Guest columnist and UC Hastings adjunct professor Samuel R. Miller considers whether Amazon is violating antitrust laws if it is (as is alleged) misusing data it obtains from third-party transactions. Miller explains two potential theories of antitrust liability—the “essential facilities” doctrine and the “monopoly leveraging” theory—and discusses the extent to which Amazon might be liable under each theory.
Thomas Greaney and Samuel Miller—both adjunct professors at UC Hastings College of the Law and former attorneys with the Antitrust Division of the US Department of Justice—describe how antitrust law in the United States no longer operates as a legal sword to keep markets competitive, but as a shield to protect large companies from competition. Greaney and Miller call for a renewal of the antitrust enterprise using the best of current economics informed by a realistic appreciation for how markets actually work in the real world.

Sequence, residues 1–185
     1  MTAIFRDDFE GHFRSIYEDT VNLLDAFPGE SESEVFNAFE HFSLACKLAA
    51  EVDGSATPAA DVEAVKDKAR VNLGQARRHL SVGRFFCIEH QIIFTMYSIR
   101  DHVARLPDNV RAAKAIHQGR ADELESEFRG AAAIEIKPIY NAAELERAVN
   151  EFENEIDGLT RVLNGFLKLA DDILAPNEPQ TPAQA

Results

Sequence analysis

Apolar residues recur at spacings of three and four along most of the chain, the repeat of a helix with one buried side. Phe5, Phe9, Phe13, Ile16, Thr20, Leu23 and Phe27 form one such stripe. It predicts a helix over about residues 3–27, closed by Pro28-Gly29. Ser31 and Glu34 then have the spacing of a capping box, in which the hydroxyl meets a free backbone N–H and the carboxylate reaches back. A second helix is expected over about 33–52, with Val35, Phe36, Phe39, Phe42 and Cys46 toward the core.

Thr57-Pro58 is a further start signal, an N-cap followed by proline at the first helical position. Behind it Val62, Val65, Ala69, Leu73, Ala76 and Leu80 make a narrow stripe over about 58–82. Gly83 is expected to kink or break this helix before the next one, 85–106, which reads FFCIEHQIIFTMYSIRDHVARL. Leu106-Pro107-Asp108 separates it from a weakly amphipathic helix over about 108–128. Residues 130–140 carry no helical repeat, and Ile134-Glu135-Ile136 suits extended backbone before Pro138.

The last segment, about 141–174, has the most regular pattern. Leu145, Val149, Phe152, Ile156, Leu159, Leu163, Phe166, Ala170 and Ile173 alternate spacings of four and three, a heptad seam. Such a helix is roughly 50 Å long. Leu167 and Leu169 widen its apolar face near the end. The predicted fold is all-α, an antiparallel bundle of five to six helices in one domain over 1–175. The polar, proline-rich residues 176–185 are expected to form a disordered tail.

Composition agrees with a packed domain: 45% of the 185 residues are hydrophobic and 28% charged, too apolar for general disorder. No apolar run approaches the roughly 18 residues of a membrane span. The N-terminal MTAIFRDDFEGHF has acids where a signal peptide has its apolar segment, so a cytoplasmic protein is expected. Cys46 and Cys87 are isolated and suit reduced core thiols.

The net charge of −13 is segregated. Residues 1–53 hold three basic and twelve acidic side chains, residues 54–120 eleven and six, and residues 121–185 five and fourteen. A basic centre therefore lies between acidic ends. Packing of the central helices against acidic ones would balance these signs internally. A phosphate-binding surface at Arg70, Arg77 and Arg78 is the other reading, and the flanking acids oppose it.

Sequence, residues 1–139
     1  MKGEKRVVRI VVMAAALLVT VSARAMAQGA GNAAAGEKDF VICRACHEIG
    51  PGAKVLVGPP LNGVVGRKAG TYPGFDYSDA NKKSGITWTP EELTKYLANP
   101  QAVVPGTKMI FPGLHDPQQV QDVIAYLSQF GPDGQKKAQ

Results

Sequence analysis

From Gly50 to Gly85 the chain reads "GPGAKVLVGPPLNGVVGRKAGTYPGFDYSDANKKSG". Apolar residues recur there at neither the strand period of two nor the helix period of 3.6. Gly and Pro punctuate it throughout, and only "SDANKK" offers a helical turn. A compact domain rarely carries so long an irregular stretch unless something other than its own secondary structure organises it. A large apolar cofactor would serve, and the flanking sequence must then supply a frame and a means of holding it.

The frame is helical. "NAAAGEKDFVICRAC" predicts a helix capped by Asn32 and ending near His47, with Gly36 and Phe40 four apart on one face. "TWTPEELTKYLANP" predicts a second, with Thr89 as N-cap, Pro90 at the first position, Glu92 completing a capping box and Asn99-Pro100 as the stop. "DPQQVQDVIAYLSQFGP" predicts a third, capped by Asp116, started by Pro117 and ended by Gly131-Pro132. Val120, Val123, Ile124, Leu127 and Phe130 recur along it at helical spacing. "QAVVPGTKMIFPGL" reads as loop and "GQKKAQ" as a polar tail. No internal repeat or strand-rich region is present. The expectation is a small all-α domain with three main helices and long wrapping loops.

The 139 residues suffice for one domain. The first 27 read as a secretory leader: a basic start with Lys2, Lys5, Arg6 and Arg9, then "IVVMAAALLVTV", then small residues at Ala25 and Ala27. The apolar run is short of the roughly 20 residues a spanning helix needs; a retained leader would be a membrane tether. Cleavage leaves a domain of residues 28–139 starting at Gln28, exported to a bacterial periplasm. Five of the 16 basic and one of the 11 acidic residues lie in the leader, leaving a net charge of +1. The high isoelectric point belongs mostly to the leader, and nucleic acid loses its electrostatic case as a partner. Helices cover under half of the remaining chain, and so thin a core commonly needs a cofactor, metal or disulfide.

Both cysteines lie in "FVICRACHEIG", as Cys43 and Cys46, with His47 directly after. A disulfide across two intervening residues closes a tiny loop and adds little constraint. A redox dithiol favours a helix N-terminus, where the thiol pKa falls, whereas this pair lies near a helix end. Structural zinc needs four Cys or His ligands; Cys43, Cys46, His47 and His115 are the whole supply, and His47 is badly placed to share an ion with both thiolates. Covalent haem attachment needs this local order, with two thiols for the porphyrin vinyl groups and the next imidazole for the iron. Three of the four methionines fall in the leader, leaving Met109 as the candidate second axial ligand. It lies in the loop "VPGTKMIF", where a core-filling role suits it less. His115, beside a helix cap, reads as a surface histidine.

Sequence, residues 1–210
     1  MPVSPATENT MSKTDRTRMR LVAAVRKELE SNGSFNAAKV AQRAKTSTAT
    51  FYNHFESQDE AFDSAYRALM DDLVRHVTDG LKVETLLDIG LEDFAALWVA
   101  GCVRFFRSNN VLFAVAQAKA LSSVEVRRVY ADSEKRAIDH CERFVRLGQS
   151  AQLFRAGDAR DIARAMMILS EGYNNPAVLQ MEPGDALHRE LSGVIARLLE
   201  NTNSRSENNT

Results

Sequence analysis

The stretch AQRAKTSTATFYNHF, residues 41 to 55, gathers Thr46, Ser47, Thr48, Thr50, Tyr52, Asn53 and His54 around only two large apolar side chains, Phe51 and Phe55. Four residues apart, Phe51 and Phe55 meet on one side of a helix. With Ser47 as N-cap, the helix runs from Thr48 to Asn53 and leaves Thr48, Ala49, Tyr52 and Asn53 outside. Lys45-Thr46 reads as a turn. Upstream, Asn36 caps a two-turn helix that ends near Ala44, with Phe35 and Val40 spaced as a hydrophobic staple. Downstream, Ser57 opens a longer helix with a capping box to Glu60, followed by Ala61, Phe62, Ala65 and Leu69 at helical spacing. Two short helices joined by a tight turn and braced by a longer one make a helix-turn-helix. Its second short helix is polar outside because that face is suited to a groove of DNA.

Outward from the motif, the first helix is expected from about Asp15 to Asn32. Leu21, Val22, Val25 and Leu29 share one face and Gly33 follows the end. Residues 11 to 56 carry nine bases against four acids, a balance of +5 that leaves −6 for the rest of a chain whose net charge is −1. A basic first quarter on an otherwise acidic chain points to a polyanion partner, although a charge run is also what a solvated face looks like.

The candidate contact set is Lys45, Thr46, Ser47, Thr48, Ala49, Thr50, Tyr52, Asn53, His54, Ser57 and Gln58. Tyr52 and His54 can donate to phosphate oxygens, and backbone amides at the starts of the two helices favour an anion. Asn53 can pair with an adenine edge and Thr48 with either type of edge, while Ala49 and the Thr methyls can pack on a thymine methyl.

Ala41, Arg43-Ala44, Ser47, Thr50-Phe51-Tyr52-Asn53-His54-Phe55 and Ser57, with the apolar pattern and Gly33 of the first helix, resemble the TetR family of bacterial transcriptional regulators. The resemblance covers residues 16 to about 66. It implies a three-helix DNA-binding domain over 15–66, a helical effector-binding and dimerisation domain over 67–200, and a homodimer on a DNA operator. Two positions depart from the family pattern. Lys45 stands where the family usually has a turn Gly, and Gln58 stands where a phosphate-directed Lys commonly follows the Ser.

Guest columnist and UC Hastings adjunct professor Samuel R. Miller contrasts the recent decision by antitrust enforcers in Europe to fine Google $2.7 billion for abusing its dominant position in internet search with the FTC’s decision not to pursue an antitrust case against Google based on similar allegations. Miller argues that the US should shift toward the EU’s position on antitrust law and that such a policy change would not even require any modifications of statutory language.